Do not use while pregnant. Sage is hardy and will grow well in full sun and well-drained soil.

Rosemary

Rosemary

Ancient herbalists recommended rosemary for headaches and claimed that its fragrance could ward off infections. In the language of flowers, this herb symbolizes faithfulness.

Rosemary is a hardy plant but northern region gardeners can bring it indoors for the colder weather – just keep it in full sun.

Dog Rose

Dog Rose

In ancient times. the wild dog rose was the most popular source of rose hips – tiny fruits related to apples. Rose hips are still popular ingredients in herbal teas and are powerhouse sources of vitamin C, iron and antioxidants.

If you don’t spray your roses, you can harvest the naturally high in pectin rosehips after the frost and make jam. It is a good idea to grow Dog Rose tied to a trellis – it will make a very nice decor in your garden.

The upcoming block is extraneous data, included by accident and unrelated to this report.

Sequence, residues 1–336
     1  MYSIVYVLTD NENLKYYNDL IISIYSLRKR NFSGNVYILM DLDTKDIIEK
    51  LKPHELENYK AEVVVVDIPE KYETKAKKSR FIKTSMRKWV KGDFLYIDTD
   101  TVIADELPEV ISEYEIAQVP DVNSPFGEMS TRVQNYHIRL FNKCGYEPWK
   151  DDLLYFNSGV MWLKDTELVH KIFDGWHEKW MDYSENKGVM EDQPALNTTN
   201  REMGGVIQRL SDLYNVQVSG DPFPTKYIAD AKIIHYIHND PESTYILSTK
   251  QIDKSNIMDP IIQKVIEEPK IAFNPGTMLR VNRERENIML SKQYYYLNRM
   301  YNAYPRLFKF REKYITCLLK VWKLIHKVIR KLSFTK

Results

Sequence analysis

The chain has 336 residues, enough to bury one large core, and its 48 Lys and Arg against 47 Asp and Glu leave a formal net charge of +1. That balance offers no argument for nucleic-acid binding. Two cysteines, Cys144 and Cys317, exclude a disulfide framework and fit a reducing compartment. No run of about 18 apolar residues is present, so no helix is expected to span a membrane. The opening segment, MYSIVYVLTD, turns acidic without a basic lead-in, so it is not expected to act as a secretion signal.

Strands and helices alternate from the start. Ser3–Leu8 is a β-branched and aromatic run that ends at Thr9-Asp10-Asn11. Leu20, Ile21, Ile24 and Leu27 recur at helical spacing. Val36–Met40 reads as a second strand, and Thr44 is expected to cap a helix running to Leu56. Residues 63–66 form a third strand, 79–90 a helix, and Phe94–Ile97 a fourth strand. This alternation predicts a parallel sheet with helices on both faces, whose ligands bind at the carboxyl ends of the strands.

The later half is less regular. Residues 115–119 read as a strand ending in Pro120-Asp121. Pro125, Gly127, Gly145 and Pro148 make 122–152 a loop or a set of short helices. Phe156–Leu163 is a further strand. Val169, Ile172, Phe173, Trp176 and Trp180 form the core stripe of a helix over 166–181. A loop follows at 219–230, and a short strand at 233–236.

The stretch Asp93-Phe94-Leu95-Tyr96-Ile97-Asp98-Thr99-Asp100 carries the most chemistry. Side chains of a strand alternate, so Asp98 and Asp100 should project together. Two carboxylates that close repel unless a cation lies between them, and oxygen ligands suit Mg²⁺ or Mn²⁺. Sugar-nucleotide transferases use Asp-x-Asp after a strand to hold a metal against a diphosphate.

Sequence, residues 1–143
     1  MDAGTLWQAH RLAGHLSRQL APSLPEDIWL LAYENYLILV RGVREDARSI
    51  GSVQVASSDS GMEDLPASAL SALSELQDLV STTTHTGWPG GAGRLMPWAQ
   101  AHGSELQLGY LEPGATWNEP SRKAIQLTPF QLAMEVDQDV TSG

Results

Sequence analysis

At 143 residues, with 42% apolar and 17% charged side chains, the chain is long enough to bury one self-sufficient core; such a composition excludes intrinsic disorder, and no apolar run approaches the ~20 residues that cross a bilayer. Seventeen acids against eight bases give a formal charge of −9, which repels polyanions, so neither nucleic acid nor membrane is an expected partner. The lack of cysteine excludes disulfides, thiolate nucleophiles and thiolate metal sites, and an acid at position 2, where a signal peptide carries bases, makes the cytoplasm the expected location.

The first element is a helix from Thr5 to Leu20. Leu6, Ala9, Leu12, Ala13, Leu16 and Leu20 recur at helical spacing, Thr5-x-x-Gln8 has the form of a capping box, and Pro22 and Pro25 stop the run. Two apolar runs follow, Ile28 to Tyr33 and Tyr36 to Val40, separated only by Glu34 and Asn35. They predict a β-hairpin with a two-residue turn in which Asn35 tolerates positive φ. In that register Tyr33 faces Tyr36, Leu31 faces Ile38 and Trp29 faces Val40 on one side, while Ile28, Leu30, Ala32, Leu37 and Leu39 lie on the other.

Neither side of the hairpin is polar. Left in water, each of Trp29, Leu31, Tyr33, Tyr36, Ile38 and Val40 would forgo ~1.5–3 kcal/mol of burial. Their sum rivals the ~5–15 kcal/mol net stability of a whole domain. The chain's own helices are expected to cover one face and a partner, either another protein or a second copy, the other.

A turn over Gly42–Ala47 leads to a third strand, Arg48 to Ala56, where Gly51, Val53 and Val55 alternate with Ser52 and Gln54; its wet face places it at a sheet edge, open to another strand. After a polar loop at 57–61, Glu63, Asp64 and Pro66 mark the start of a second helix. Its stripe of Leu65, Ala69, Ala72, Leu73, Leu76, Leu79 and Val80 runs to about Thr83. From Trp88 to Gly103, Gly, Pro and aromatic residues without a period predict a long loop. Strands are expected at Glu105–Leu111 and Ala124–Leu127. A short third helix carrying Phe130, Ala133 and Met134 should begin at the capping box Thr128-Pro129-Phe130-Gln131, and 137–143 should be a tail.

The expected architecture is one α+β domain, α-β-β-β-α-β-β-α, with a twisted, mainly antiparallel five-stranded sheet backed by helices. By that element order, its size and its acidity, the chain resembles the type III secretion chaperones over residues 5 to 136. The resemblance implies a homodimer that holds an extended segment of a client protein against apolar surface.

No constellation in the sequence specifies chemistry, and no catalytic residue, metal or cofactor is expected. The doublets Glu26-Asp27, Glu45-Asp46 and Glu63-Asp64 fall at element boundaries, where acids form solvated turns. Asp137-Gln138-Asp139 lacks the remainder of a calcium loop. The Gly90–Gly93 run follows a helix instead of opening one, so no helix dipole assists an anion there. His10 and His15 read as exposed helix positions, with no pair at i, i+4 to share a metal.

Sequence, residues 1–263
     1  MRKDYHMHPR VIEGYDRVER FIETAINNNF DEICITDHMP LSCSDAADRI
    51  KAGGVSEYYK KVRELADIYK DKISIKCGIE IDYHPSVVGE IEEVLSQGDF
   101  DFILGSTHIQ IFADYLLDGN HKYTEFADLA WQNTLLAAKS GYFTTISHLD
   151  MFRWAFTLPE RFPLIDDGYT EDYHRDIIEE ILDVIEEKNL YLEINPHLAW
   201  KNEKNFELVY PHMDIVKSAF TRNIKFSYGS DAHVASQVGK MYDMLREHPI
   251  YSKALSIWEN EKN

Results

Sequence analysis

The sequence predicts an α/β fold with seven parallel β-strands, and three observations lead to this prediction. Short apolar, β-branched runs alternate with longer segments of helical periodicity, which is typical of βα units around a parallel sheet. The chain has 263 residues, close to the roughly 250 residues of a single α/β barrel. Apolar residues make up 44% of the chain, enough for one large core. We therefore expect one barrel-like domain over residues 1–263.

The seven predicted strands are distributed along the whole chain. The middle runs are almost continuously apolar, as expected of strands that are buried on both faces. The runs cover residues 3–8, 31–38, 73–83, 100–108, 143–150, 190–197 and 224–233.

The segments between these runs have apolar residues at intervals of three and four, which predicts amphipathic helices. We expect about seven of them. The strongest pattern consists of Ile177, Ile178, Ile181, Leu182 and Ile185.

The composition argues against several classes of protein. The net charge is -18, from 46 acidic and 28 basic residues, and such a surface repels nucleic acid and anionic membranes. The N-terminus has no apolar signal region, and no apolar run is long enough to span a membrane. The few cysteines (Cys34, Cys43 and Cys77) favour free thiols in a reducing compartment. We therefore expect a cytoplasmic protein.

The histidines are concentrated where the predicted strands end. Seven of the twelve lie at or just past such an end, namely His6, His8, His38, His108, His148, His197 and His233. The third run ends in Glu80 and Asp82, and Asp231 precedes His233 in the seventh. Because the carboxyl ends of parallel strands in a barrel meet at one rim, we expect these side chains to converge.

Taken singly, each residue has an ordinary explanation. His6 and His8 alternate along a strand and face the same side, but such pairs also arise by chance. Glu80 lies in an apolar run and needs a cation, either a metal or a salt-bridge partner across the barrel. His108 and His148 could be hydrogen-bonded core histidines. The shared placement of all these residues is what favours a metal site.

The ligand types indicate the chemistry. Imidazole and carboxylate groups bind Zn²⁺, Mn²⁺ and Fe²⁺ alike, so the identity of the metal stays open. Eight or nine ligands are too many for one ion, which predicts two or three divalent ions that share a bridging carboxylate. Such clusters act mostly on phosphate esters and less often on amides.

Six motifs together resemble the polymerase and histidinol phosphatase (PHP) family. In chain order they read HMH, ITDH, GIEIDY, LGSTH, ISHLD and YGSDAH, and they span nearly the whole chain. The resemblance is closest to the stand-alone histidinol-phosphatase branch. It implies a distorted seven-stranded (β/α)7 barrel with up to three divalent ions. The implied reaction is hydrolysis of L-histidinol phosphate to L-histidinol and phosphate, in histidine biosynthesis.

Lavender

Lavender

Aromatherapists use lavender to heal headaches and tension – try floating a few fragrant flowers in your bathwater. Lavender grows the best in a well-drained soil and is quite hardy.

Lemon Balm

Lemon Balm

Lemon Balm

In the language of flowers, Lemon Balm means love and its traditional herbal uses were equally dramatic to renew youth, cure scorpion stings and make bees swarm.

The fresh leaves make a relaxing tea with antiviral properties. Lemon Balm will do well in a hardy zone a needs well-drained soil.

Borage

Borage

The old name of Borage is Herb of Gladness and fresh Borage flowers and leaf tea or Borage infused with wine were traditional remedies for anxiety, stress and depression.

Borage will self-seed each year and will grow in sun or partial shade.

Sweet Woodruff

Sweet Woodruff